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Home Music Study Vocal Music Text Book Section 6 - Time Signature

Section 6 - Time Signature

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TIME SIGNATURE

At the beginning of every musical piece, immediately after the CLEF SIGN, there is either the letter  “C”   or  a  fraction.    This is called the Time Signature.

f

 

f

                                 

    f

 

Duration of sound is indicated by symbols in music..  The duration varies according to the length of syllables of the lyric...    The following symbols are the ones, that are common.    We need to know the following symbols and their names:

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ACCENTS:

Time Signature refers to a rhythmic unit.   Every  unit starts with a heavy accent. It is preceded by a bar line.   Every unit ends with a bar line.   The music ends with a double bar line or a thin and thick bar line as in previous examples.   When a certain section is to be repeated,  one places  a “colon”  [  :  ]  at the starting and ending point.

rhythms having only one accent: 

f  2/2  or  C with a slash called Cut time,  has 2 minims to a bar, and the first is accented.

2/4  and  3/4  (see above) too have  one accent, at the beginning of the bar.

rhythms having two accents,

 THE FIRST IS HEAVY AND THE SECOND IS LIGHT.

4/4  or  C - called Common Time.   It is made of 4 crotchets or 4 ‘beats’ of which the 1st is heavily accented  and the third is lightly accented.   The second and fourth beats are not accented.

6/8  which has 6 quavers in a bar (in groups of 3 quavers).   The first one is heavily accented (1st quaver of the first group), and the 4th is lightly accented (1st quaver of the 2nd group).   The rest are not accented.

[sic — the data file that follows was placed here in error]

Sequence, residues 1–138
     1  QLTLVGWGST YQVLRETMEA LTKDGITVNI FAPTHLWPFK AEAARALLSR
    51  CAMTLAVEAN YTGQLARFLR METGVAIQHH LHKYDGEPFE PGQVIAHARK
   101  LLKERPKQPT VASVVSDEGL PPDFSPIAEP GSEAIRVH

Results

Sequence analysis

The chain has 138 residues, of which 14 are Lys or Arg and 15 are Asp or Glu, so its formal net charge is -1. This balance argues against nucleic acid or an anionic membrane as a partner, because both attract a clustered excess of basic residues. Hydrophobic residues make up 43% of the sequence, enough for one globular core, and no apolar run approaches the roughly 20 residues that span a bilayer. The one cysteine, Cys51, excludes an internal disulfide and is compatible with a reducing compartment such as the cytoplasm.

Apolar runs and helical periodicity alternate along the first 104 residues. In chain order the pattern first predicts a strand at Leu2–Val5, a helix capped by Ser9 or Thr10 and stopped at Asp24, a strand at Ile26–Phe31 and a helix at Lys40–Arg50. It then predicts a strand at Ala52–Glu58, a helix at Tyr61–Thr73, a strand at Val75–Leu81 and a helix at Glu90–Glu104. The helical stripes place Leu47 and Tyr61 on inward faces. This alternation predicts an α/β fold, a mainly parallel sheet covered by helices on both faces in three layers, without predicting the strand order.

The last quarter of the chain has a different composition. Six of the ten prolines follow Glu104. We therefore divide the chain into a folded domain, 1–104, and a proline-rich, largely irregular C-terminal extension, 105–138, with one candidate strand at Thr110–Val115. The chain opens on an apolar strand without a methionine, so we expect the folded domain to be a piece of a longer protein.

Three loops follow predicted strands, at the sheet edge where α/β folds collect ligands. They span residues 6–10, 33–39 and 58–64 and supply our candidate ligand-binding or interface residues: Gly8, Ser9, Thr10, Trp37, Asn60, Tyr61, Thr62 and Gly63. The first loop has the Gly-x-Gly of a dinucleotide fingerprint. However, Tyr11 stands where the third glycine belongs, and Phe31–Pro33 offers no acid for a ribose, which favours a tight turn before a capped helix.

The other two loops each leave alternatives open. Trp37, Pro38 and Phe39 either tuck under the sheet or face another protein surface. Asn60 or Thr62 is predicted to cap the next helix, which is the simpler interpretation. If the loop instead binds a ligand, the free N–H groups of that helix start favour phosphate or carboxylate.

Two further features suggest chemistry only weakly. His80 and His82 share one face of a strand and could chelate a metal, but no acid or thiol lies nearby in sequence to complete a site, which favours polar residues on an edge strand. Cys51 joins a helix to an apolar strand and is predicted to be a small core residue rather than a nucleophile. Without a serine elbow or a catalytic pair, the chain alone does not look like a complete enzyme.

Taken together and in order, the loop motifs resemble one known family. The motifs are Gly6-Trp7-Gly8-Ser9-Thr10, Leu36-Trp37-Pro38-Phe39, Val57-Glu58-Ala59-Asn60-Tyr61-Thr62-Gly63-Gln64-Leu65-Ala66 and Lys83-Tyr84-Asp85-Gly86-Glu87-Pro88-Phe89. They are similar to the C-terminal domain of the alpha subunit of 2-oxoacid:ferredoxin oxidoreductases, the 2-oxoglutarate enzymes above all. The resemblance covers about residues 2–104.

understanding accents

To understand accents, we should look at the accents in a spoken language.

In the following words, the accented syllables are in italics

·         Comfort.    Understand.    Accented.  Etc.

In the music lyric, the accents should be so arranged,  as to coincide with the musical accents.

4/4 or common time

The 4/4 Rhythm with 2 accents: 1st beat heavy, 3rd beat light.  Heavy   Light

 
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Mary had  a little lamb.     We give a strong stress at ”Ma  of  Mary  and less stress at  “had”  both of which are accented.    Lit  of “little”  is the next heavily accented  syllable    and “lamb” is light.   The first unit consists of 4 syllables: “Ma ry had a”, and the second unit consists of 3 syllables.   “Lit tle lamb”.   By lengthening the sound of “lamb” to a minim, we get 4 ‘beats’.  All  syllables except the last are given the duration of a crotchet.  Hence,  the music has  4/4